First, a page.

José Manuel Barroso, the former president of the European Commission, has told CNBC that there should be an adjustment period in which the world must adapt to U.S. President-elect Donald Trump and, just as significantly, Trump must adapt to the world.
Barroso, now non-executive chairman of Goldman Sachs after serving as the chief of one of the central organizations of the European Union, said that although most countries in Europe would likely not have elected Trump, it is important for the region to respect the decision.
"(Trump) was not the president that most of us in Europe would have voted for, but he has been elected, so I think now we have to adapt to him. At the same time, I believe Donald Trump also has to adapt to the world," he told CNBC on the outskirts of the Misk Global Forum in Riyadh on Tuesday.
"Trump will certainly have to adapt to his office and to some constraints, some realities and some facts of life," Barroso added.
'Biggest economic relationship in the world'
Donald Trump will become the 45th President of the United States and the brash New York businessman will take his Republican ticket to the White House in January.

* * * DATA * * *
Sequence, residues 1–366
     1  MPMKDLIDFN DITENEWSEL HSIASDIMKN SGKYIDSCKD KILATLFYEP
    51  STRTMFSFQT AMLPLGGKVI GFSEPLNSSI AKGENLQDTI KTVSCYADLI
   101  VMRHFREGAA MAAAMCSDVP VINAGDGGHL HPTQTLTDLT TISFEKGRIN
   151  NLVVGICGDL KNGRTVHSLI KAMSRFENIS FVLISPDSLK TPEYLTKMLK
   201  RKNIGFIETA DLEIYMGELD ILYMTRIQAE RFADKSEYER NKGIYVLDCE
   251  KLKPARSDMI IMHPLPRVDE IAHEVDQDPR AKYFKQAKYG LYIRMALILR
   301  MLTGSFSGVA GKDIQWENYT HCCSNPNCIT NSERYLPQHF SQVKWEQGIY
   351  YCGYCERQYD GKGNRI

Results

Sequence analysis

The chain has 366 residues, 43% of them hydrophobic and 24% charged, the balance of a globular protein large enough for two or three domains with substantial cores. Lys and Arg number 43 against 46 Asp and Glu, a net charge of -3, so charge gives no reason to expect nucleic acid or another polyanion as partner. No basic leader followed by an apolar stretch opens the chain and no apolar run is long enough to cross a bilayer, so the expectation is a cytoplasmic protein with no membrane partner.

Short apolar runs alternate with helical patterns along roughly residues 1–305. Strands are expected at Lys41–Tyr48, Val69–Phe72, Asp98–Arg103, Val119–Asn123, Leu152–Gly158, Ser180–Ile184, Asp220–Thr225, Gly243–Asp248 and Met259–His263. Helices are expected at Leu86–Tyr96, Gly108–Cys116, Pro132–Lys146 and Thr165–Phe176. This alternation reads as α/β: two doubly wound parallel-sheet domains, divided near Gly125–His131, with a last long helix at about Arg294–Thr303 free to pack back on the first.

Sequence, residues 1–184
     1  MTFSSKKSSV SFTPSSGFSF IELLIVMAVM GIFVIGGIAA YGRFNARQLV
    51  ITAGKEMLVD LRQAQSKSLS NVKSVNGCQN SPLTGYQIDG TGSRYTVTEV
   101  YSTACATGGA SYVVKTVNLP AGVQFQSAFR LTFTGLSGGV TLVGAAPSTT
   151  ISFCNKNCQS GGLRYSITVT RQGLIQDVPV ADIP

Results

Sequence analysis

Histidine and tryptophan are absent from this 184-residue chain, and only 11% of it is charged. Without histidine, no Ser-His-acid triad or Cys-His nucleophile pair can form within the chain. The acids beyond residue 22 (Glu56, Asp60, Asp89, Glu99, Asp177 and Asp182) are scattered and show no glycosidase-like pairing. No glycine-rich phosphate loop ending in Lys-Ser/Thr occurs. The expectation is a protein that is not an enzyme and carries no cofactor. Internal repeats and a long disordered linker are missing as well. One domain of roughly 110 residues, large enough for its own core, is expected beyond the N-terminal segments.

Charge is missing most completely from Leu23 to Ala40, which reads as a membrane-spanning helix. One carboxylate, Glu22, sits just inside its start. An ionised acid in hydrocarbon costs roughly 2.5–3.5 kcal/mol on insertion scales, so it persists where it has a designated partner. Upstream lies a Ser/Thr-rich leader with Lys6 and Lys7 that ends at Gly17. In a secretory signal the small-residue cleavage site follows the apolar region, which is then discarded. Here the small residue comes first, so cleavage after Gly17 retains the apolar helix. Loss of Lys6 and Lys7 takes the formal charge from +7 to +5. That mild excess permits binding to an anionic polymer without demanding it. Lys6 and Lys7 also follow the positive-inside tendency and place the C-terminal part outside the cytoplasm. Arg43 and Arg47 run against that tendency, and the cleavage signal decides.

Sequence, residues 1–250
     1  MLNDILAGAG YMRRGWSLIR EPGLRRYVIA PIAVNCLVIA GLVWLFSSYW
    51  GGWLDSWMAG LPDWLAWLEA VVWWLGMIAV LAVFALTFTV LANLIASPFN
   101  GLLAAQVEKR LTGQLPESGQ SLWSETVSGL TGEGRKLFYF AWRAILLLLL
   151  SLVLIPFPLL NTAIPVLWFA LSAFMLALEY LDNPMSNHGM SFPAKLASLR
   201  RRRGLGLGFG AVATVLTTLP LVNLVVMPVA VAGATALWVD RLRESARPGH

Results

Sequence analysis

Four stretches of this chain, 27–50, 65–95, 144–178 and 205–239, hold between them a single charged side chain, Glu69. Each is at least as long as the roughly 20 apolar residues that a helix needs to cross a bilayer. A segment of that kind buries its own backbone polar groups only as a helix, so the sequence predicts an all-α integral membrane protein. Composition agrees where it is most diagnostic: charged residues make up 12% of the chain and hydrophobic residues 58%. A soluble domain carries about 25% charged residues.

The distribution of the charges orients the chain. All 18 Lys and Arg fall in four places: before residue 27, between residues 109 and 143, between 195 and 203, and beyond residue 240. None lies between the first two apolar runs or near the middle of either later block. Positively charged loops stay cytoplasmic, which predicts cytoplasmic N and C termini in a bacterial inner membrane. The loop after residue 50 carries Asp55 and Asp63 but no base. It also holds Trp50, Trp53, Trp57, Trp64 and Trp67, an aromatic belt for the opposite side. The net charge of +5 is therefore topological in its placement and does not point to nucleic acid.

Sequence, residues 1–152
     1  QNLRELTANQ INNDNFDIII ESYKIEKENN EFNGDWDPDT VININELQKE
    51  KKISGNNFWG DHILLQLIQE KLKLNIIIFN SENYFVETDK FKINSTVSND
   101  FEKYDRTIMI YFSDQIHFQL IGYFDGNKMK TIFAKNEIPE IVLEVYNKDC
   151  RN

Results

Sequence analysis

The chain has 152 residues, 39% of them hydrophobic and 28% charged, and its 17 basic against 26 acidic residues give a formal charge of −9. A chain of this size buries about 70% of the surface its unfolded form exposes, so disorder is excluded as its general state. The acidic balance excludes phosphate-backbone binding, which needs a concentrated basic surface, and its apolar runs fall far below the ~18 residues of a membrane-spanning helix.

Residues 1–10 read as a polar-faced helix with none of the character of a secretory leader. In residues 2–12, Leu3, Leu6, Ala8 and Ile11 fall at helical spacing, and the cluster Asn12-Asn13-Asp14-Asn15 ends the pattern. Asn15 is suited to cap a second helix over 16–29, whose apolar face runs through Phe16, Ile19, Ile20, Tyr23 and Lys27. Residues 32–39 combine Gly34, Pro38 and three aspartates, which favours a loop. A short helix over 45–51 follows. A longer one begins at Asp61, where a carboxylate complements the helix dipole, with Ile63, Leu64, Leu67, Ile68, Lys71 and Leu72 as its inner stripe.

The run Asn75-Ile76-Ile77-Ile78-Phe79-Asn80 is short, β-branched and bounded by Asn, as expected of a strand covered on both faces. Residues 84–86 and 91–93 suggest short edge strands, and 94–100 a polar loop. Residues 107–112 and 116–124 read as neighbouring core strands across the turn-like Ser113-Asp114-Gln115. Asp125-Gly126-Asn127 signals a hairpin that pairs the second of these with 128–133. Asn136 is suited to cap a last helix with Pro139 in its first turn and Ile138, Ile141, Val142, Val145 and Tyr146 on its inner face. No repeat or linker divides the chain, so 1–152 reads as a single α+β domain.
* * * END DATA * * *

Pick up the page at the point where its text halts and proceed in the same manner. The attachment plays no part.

Barroso urged for the European continent to do all they can to continue their working relationship with the U.S. as he claimed this economic connection is the most important in the world.
"It would be a big mistake now to try and create an opposition between Europe and the United States. OK, the president-elect in the U.S. was not the favorite in most, or if not almost all, European countries but we have a lot in common. It is by far the biggest economic relationship in the world," Barroso said.
In regards to the U.K.'s decision to leave the European Union, Barroso anticipated extremely difficult and rocky negotiations.
"I'm concerned of course with the decision taken by the British, but I respect it. I mean, the British have decided to leave the European Union so they will most likely leave the European Union."
"I'm anticipating very difficult, bumpy … And sometimes extremely complex negotiations."